IT Chapter Two review

IT CHAPTER TWO

Director: Andy Muschietti
Cast : James McAvoy, Jaeden Martell, Jessica Chastain, Sophia Lillis, Jay Ryan, Jeremy Ray Taylor, Bill Hader, Finn Wolfhard, Isaiah Mustafa, Chosen Jacobs, James Ransone, Jack Dylan Grazer, Andy Bean, Wyatt Oleff, Bill Skarsgård
Genre : Horror
Run Time : 2 h 49 mins
Opens : 5 September 2019
Rating : M18

            In 2017, It received critical acclaim and became the highest grossing movie of all time. Anticipation was high for Chapter Two, which concludes the story of the Losers Club’s battle against Pennywise (Bill Skarsgård).

At the end of the first film, the members of the Losers Club vowed that if Pennywise were to re-emerge, they would return to Derry, Maine to face him. 27 years later, the clown rears his grotesque grinning head. Mike (Isaiah Mustafa as an adult, Chosen Jacobs as a child), who has stayed in Derry and become the town librarian, summons his friends, who have all moved away, back home.

Bill (James McAvoy/Jaeden Martell) is now an author and screenwriter, married to actress Audra (Jess Weixler). Beverly (Jessica Chastain/Sophia Lillis) is a fashion designer in an abusive marriage. Richie (Bill Hader/Finn Wolfhard) is a stand-up comedian. Ben (Jay Ryan/Jeremy Ray Taylor) has become a successful architect. Eddie (James Ransone/Jack Dylan Grazer) is a risk analyst. Stanley (Andy Bean/Wyatt Oleff) is an accountant. Each has moved on with their lives, but the spectre of Pennywise, of It, hangs over them. As the bonds of their childhood friendship are re-forged, the Losers Club battles Pennywise in his myriad terrifying forms again.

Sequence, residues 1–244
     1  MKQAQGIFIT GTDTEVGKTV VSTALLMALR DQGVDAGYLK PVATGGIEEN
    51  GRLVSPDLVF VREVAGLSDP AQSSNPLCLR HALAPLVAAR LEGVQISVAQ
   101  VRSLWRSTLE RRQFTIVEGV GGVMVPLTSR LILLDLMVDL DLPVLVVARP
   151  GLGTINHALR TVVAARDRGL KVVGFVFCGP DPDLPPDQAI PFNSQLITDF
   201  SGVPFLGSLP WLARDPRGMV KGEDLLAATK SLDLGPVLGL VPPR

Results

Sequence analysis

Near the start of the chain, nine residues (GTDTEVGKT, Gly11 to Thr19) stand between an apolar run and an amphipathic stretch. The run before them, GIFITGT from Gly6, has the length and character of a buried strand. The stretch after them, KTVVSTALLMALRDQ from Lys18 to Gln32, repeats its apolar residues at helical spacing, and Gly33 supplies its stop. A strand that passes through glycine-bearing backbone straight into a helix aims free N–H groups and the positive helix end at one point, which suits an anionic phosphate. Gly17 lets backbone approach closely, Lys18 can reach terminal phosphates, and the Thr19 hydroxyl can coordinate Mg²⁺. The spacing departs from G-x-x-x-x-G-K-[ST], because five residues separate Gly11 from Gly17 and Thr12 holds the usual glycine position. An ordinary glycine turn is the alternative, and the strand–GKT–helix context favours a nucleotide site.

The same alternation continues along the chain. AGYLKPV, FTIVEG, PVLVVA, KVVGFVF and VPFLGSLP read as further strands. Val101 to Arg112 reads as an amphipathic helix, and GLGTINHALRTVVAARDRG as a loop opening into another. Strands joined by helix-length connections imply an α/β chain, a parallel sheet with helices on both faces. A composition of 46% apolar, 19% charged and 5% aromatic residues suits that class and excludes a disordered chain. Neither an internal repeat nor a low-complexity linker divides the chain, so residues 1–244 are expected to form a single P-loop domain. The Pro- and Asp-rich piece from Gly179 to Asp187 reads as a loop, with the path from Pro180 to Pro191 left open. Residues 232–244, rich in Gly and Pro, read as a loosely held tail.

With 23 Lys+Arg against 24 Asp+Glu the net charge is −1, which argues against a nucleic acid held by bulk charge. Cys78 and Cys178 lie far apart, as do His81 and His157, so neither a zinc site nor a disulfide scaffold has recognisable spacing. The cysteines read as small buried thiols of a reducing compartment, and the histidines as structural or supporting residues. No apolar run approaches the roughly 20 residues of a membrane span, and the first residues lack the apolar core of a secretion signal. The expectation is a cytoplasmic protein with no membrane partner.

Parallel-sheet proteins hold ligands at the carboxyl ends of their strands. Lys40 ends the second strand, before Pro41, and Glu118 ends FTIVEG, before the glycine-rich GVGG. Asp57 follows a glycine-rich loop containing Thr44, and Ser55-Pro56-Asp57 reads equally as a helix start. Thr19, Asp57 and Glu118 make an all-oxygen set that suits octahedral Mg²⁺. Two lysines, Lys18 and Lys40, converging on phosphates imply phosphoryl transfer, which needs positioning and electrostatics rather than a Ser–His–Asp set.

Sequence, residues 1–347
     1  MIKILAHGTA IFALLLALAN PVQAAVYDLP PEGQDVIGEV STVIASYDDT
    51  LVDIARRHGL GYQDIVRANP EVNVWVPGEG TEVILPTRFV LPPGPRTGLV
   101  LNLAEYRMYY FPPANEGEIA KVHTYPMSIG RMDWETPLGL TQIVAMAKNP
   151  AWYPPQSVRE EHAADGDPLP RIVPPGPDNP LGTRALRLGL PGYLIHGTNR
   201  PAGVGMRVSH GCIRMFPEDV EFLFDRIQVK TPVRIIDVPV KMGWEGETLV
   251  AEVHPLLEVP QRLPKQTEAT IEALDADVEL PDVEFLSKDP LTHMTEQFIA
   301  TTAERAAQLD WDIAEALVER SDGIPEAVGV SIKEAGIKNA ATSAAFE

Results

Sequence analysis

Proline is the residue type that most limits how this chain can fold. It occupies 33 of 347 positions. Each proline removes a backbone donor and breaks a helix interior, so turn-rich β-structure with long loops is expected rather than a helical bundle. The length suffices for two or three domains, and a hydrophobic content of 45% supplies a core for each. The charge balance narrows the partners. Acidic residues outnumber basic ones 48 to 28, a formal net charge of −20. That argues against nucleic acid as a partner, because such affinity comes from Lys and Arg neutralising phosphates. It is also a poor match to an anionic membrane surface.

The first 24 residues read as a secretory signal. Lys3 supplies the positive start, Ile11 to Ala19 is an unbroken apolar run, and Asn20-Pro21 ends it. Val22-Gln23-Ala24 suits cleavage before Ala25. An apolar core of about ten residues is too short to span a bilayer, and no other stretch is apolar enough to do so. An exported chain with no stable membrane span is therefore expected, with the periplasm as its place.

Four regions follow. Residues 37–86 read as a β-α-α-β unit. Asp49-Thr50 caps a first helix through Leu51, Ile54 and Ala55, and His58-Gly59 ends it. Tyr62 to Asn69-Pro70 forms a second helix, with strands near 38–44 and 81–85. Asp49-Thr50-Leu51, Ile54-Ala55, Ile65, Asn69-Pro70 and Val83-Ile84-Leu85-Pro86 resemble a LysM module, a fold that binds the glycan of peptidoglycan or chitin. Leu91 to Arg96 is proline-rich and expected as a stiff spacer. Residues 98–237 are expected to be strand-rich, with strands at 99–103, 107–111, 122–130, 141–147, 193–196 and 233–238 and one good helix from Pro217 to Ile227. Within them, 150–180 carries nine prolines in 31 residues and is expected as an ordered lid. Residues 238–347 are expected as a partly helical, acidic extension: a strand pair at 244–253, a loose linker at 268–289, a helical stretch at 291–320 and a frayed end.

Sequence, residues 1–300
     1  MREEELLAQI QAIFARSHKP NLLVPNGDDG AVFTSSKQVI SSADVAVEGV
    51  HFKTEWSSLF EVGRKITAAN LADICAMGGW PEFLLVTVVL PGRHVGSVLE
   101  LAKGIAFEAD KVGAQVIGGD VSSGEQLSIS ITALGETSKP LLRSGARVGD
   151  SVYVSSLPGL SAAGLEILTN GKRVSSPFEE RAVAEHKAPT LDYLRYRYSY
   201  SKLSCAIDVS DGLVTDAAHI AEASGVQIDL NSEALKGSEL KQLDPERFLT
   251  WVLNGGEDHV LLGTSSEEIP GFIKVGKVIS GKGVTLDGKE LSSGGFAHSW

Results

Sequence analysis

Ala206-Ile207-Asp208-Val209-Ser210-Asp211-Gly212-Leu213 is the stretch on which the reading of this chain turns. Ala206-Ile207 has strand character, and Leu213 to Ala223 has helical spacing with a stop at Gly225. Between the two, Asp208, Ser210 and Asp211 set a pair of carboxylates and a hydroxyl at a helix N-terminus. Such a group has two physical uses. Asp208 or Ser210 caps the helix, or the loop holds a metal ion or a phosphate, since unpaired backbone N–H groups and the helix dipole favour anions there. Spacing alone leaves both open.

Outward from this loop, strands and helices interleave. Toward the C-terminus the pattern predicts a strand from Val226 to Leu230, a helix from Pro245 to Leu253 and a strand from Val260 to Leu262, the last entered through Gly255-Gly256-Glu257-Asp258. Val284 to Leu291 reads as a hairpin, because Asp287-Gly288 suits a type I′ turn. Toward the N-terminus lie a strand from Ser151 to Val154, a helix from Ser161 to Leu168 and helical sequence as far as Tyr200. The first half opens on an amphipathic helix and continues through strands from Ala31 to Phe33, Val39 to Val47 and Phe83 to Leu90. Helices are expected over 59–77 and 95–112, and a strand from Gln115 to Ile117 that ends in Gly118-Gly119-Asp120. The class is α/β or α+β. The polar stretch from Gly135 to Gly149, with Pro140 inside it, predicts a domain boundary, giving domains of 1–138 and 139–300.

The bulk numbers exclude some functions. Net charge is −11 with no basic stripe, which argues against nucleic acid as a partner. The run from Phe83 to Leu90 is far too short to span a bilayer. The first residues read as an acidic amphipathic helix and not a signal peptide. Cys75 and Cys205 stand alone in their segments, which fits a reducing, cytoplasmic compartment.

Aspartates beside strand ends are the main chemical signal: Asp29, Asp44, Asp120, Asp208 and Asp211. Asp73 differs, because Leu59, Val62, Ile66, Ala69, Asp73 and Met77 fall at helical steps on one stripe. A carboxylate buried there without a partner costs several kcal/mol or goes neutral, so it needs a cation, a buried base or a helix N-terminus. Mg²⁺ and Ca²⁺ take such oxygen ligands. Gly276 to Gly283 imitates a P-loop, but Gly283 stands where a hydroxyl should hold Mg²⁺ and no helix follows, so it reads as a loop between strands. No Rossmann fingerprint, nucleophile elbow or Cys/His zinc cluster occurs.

Stephen King’s novel It had a structure that alternated between following the Losers Club as adults and as kids. This two-part film adaptation has changed that by focusing the first movie on the Losers Club as kids, then the second on the characters as adults. The movie is 169 minutes long compared to the first film’s 135. Director Andy Muschietti seems to have been emboldened by the success of Chapter One, taking more risks with Chapter Two. However, those risks do not always pay off.

This reviewer loved the first film, which engendered sincere sympathy and affection from the audience for its characters in a way very few horror films have before. It Chapter Two continues to be character-driven, and part of the reason why its runtime is so long is that we need to spend enough time with each character to see their arcs through. However, there is also a greater emphasis on set-pieces and spectacle. Instead of concentrating the terror, as the scare sequences in the first movie did so well, the set-pieces here seem to diffuse the terror.